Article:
Photo by Samuele Giglio

There are werewolves across the world, each with their unique backgrounds and origins, proving to everyone that the man-wolf has always had universal appeal.

There has been a renaissance of classic monsters in media—and chief among them are the vampire and the werewolf. There are now movies, television series, stories, and even thriller books about werewolves and other classic monsters. But, despite this explosion of content, the werewolf archetype hasn’t really changed much since it graced the silver screen. 

Why is that? 

This is very odd since there are werewolves across the world from whom storytellers can take inspiration.

Before we see what the werewolves across the world are about, let’s first discuss the essence of the werewolf myth.

The Essence of the Werewolf

The werewolf is an analogy; it speaks to the duality of human nature. We, each and every one of us, all have a wild side, a side that is passionate, primal, and untamed. We also have a civilized side, a side that is calm and collected, civil and polite. The werewolf myth represents the conflict between these two sides.

Walking between the border of primal instinct and practiced society, the werewolf is a creature that is both human and animal. It is a symbol of our transformation from civilized beings to savage beasts—and often our reluctance to cross the other side. The werewolf myth explores the dark side of human nature, the side that we all try to suppress.

The werewolf myth is also a story about change. The werewolf is a creature constantly transforming from human to wolf and back again. This transformation represents the changes that we all go through in life. It is a reminder that we are all constantly evolving and changing.

Finally, the werewolf myth is also a cautionary tale. There are dangers to losing control of our primal instincts. The werewolf is a creature driven by its hunger and rage; it reminds us that we must always be mindful of our darkness.

Werewolves Across the World 

Werewolves are one of the most popular monsters in folklore and mythology. But if you want to write a story about one, it can be difficult to stand out, especially because the modern werewolf has become, pardon my words, archetypal. Yet, there are werewolves across the world.

We’ve categorized them accordingly: Shapeshifters are creatures or people who change from one form to another; Cursed Men are those whose werewolf-ness is the result of a curse or a boon; and there are Wolfmen, who are born or created as a hybrid between wolf and man.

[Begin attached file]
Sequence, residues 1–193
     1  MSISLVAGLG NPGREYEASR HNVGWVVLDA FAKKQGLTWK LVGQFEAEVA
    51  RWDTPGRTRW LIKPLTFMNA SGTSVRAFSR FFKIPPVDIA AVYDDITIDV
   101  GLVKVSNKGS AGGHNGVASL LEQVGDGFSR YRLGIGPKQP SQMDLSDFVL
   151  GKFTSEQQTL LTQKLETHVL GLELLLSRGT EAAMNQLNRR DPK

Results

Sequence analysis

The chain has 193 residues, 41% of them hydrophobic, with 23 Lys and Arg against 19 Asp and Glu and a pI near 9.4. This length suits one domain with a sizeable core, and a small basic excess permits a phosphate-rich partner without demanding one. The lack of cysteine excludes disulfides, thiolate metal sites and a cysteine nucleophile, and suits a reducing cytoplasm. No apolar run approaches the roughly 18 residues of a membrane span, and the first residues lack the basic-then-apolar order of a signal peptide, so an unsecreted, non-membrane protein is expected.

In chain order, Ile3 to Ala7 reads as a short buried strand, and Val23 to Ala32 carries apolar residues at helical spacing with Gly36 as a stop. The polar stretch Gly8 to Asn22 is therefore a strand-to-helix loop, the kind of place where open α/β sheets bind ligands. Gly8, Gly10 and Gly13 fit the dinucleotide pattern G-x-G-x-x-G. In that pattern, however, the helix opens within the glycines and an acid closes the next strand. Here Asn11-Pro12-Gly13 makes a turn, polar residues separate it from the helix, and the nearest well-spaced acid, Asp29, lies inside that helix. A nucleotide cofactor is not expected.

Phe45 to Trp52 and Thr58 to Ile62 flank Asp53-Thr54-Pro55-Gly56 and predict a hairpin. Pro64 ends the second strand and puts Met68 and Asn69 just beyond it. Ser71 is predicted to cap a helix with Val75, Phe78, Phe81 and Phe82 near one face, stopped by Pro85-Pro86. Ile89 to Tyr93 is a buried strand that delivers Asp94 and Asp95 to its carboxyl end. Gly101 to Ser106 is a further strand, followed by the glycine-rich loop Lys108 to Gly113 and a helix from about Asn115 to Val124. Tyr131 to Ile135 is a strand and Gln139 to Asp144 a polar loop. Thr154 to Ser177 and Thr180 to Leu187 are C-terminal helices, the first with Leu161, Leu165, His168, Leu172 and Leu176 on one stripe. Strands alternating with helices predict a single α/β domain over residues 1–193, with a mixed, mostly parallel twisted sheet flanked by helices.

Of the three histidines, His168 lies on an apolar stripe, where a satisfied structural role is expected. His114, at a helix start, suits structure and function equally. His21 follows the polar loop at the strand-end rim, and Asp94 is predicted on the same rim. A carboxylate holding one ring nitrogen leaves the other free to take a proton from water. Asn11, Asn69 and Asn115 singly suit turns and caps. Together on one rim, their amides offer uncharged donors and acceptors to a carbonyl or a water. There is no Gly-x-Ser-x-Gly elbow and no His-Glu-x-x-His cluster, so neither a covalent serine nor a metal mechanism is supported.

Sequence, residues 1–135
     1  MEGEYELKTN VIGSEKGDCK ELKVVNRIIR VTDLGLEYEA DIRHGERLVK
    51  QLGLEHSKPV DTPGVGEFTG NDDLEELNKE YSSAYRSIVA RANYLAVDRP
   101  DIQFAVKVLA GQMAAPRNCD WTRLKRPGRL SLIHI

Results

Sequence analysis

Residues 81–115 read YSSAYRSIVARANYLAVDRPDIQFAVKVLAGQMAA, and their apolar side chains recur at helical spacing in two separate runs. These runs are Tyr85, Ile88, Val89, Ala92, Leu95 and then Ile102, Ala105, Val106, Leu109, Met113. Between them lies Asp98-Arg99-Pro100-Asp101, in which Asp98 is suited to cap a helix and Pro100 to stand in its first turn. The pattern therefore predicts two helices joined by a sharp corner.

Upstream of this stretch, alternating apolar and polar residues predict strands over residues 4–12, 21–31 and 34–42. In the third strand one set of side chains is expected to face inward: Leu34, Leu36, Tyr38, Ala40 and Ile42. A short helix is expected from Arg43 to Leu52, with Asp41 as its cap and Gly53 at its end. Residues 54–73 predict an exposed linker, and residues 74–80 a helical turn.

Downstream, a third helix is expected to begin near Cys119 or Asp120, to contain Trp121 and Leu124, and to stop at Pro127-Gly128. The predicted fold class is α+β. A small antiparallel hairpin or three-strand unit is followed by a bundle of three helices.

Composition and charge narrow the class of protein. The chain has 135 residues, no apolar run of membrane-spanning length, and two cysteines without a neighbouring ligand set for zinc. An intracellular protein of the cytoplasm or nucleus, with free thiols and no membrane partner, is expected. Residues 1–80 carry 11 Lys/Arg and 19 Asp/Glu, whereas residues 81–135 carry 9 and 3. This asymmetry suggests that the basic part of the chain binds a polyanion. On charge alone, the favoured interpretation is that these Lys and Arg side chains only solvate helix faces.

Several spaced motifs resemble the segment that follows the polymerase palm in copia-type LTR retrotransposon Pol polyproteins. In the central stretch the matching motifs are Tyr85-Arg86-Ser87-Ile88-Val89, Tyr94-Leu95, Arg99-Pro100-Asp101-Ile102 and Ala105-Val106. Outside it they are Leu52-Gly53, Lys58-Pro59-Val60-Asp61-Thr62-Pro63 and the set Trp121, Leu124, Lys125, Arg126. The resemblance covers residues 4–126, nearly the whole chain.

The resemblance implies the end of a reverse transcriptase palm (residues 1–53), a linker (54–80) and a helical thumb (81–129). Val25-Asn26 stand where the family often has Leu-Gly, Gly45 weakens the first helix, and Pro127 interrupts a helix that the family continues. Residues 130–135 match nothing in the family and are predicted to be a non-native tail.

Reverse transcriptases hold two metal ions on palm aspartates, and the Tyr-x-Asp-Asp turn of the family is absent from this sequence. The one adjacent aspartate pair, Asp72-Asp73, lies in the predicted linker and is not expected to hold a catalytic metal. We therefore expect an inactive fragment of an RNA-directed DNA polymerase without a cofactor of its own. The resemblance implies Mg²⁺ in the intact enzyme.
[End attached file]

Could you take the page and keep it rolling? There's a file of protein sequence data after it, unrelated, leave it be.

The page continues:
• The Faoladh is a werewolf from Celtic Mythology. Different from most iterations, the Faoladh is actually a benevolent creature who protected children and guarded wounded men, although this didn’t really stop them from acting out their animal instincts and spiriting away a sheep or two.
  • In northern Italy, there are stories of the benandanti, the good walkers, who were said to change into a wolf-like form at night to hound witches and demons.


  • In Basque folklore, there is the Gizotso, who is said to be the child of a human and a wolf. This heritage means that the Gizotso is what it is; it does not transform under the full moon. What is terrifying about the creature is that it wears chains, as if someone had been keeping it caged for most of its life. 
  • The Pricolici of Romanian folklore are the living dead, evil, and violent individuals transforming into wolf-like monsters after death to continue their terror against the living.
  • In Guaraní mythology, there is Luisón, an entity who was born a very hideous and monstrous canine. He often acted as a psychopomp, ferrying dead souls from the living world to the afterlife. His favorite meals were rotting corpses.

Cursed Men

  • In some parts of the Baltic, werewolves were actually soldiers of God, gifted the power to transform into feral beasts in order to battle against the forces of the Devil.
  • In Louisiana, grandmothers might talk about the Rougarou, people who turned into wolf-headed monsters every night. They had an appetite for Catholics, especially those who broke lent.
  • Another word for werewolf is lycan, which comes from the Greek legend of Lycaon, a king who killed his son and cooked him, serving him as a meal for a visitor, who turned out to be Zeus and punished the king by transforming him into a wolf.

The werewolf myth is a powerful and enduring one; it is a story that has been told and retold in cultures worldwide. As such, it is a shame that we do not explore more of these myths.

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